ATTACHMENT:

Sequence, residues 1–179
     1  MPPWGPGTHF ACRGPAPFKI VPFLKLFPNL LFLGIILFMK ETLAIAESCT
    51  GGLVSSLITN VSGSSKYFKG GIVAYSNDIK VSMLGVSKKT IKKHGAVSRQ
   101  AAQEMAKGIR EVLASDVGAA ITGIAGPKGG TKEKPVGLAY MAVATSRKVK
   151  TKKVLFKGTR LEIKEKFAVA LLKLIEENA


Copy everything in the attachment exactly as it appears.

Sequence, residues 1–179
     1  MPPWGPGTHF ACRGPAPFKI VPFLKLFPNL LFLGIILFMK ETLAIAESCT
    51  GGLVSSLITN VSGSSKYFKG GIVAYSNDIK VSMLGVSKKT IKKHGAVSRQ
   101  AAQEMAKGIR EVLASDVGAA ITGIAGPKGG TKEKPVGLAY MAVATSRKVK
   151  TKKVLFKGTR LEIKEKFAVA LLKLIEENA